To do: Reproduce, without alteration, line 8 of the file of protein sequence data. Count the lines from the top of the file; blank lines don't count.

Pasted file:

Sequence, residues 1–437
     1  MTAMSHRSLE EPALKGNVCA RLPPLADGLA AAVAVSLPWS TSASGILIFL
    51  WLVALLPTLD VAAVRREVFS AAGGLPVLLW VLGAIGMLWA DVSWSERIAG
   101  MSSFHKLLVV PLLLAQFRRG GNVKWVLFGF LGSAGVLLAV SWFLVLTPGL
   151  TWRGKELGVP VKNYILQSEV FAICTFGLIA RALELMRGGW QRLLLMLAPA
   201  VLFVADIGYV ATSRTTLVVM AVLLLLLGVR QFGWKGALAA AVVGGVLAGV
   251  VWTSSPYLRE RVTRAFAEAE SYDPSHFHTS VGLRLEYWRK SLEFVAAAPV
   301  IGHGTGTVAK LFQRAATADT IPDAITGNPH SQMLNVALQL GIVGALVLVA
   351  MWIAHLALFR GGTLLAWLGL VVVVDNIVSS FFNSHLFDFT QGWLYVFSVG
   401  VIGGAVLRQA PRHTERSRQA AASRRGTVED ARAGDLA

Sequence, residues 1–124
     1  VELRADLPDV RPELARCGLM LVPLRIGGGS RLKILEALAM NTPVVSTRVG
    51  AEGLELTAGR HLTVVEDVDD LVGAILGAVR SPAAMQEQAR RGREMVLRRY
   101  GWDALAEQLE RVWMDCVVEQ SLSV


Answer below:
   301  IGHGTGTVAK LFQRAATADT IPDAITGNPH SQMLNVALQL GIVGALVLVA